Sunday, December 8, 2013
FAIRFIELD — One of the first big jobs facing Fairfield's new police chief will be addressing concerns raised in an independent review, which says the department lacks a clear chain of command, among other problems.
Fairfield Police Chief Thomas Gould, pictured in his office today, recently received a report from the Maine Chiefs of Police Association that gives advice on making the department run more efficiently.
Staff photo by Michael G. Seamans
“With effective leadership, a defined chain of command, written policies and increased training, the Fairfield Police Department can resolve any current issues.”
Maine Chiefs Association report
Thomas Gould took over as police chief in mid-July, succeeding former Chief John Emery, who resigned in March. Skowhegan police have charged Emery with driving under the influence in December.
While the department was under interim leadership, the Fairfield Town Council hired the Maine Chiefs of Police Association to conduct a top-to-bottom review of the department and to make recommendations. The reviews, a regular service offered by the chiefs association, are conducted in a number of Maine's police departments every year.
The review panel, made up of three veteran police chiefs, found that the department's employees have suffered low morale as they worked under out-of-date, boiler-plate policies, no clear command structure, and a perception that some administrators within the department have played favorites in hiring and promotions.
Gould said he is taking steps to resolve the issues raised during the review, which he said are mostly a matter of having the proper paperwork in place.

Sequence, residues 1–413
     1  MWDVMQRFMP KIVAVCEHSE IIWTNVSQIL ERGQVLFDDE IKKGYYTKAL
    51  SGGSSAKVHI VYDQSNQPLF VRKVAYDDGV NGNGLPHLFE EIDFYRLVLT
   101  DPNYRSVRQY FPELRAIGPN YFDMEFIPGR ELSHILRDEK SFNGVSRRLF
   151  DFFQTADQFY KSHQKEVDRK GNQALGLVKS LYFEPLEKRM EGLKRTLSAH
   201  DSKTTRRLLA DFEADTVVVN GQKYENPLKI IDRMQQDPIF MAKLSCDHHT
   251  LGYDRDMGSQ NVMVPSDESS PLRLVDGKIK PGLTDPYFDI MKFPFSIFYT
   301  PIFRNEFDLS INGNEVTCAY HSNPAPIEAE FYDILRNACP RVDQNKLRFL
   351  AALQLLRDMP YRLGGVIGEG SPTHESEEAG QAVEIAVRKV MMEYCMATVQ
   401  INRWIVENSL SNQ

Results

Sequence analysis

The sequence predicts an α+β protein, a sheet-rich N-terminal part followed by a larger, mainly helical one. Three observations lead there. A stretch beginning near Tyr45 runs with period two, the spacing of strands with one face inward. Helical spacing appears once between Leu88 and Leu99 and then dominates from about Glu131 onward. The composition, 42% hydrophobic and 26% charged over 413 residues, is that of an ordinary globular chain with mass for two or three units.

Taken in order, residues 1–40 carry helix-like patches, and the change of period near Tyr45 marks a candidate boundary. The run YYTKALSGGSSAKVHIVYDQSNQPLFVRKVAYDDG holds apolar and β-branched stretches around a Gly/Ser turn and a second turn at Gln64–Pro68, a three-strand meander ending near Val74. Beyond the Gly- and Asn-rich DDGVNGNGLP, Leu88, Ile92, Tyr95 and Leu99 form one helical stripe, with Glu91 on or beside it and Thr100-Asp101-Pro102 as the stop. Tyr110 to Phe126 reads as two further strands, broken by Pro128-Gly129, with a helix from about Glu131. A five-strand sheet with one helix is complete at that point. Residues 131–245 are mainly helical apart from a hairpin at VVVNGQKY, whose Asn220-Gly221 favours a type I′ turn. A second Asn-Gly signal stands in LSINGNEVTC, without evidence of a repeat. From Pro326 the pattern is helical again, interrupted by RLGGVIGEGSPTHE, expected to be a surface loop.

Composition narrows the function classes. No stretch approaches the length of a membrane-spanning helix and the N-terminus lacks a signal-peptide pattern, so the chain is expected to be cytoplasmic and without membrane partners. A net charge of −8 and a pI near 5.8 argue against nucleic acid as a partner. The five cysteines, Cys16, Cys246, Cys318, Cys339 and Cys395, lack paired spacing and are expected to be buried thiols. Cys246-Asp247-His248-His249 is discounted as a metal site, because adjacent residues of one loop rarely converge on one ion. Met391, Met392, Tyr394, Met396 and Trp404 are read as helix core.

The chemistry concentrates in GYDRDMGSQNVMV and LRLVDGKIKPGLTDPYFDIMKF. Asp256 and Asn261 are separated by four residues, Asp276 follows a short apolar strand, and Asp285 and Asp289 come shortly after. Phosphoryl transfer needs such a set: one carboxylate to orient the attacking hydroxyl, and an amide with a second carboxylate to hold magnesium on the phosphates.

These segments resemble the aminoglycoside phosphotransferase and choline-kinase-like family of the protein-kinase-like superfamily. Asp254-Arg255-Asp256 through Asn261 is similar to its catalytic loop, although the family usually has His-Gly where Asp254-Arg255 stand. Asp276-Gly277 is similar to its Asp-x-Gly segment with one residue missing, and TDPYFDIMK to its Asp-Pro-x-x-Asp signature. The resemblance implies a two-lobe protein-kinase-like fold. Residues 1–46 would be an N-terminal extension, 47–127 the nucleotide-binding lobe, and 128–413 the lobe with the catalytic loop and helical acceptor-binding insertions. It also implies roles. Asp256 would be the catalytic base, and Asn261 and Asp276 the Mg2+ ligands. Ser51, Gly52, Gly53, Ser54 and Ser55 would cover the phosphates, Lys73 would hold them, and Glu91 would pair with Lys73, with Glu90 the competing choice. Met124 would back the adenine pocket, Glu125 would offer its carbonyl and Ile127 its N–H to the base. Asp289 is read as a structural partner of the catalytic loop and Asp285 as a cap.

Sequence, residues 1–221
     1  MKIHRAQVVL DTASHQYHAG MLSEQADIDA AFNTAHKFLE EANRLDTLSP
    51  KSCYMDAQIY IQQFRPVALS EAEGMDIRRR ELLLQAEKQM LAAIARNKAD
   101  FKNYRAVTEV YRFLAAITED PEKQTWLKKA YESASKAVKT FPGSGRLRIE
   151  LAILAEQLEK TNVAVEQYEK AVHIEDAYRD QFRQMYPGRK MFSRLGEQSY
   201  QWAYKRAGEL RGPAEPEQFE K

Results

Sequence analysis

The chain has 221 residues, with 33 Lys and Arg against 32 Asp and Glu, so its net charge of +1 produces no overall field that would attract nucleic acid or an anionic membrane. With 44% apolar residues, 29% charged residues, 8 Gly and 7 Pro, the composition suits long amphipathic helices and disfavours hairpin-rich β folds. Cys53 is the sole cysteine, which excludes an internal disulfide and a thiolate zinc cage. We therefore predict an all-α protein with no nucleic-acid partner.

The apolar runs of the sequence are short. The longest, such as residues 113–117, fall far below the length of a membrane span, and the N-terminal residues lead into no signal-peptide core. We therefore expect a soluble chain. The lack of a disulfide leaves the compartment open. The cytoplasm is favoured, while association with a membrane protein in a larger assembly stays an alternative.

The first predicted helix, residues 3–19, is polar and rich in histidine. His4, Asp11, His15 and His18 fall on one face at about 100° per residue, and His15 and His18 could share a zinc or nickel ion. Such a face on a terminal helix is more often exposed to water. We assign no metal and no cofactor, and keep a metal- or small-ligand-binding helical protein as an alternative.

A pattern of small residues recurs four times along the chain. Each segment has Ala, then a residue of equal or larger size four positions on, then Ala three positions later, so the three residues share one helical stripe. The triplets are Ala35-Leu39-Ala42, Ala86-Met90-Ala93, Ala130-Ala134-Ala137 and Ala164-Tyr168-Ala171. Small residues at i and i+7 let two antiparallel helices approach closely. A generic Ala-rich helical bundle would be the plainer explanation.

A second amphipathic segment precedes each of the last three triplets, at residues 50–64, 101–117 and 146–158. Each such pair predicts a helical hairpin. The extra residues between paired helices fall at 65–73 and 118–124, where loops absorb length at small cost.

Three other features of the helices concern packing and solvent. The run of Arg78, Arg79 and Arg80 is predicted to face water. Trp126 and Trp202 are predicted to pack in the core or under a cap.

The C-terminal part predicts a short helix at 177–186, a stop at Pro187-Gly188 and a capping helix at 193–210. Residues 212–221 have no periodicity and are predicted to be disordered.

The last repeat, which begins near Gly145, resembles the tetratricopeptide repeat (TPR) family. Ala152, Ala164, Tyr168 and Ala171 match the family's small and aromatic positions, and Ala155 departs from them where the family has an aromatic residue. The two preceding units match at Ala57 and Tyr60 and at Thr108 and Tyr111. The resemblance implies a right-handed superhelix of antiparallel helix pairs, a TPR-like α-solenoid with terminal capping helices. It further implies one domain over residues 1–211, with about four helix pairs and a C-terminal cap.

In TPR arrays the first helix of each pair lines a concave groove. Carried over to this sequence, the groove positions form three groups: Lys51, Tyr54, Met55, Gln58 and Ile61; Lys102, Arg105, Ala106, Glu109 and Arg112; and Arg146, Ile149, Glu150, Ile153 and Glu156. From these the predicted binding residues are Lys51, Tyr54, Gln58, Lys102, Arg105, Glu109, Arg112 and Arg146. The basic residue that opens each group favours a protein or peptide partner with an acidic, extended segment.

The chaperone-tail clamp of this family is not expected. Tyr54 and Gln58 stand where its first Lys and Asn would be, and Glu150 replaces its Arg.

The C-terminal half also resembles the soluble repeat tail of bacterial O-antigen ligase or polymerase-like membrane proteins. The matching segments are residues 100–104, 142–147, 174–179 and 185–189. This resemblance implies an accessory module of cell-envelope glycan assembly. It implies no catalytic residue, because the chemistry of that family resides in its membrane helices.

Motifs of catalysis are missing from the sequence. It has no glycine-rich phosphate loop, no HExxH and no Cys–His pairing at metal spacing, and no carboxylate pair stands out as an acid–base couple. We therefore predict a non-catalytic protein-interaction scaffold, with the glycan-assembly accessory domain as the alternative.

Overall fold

"The officers for the most part do an excellent job," he said. "It's just a matter of cleaning up the paperwork."
Fairfield Town Council member Harold "Jim" Murray said he felt the review was fair, and that it needed to be done to resolve issues in the department, which has 10 full-time officers and nine part-time officers.
He said he feels Gould will fix the problems the panel uncovered, and that the department is now on the right path.
During staff interviews, review panel members were surprised to learn that different employees had different ideas about who was second in command, they wrote.
Their first recommendation was for the new chief "to establish clear lines of authority quickly."
While there were many criticisms, the panel found that none of the issues were insurmountable.
"With effective leadership, a defined chain of command, written policies and increased training, the Fairfield Police Department can resolve any current issues," they wrote, describing the staff as "a dedicated group."
Most of Fairfield's policies and procedures, according to the report, were adopted without modification in 2006 and have not been updated since.
The practice has resulted in "serious, significant issues" that open the town to a risk of legal liability, the panel members wrote.
The report called a practice of allowing officers to review the policies on their own without supervision or having to answer questions about the material afterward as "a disaster in the making."
Robert Schwartz, executive director of the Maine Chiefs of Police Association, said the problems in Fairfield's department are not unusual. There isn't a police department in the state that could go through a review without generating some recommended changes, he said.
As best practices modernize with increasing emphasis on documentation and technology, many departments with long-standing administrators get left behind, Schwartz said.
"This is nothing to do with the previous chief, but when you're chief and you've been in the job for eight or 10 years, there's ways that you do things," he said. "When a person's been in a place a long time, you become routine and things need to be perked up."
Emery, whose criminal case is scheduled for a hearing in Somerset County Superior Court on Sept. 18, served the department for 27 years, including 12 as chief. Emery went on an extended leave of absence after a Dec. 24 incident on Palmer Road in Skowhegan, where Emery lives. On that day, 15 law enforcement officials, some high-ranking, from three agencies responded to a call about a "mental subject," a police radio term for someone who is acting strangely or irrationally.
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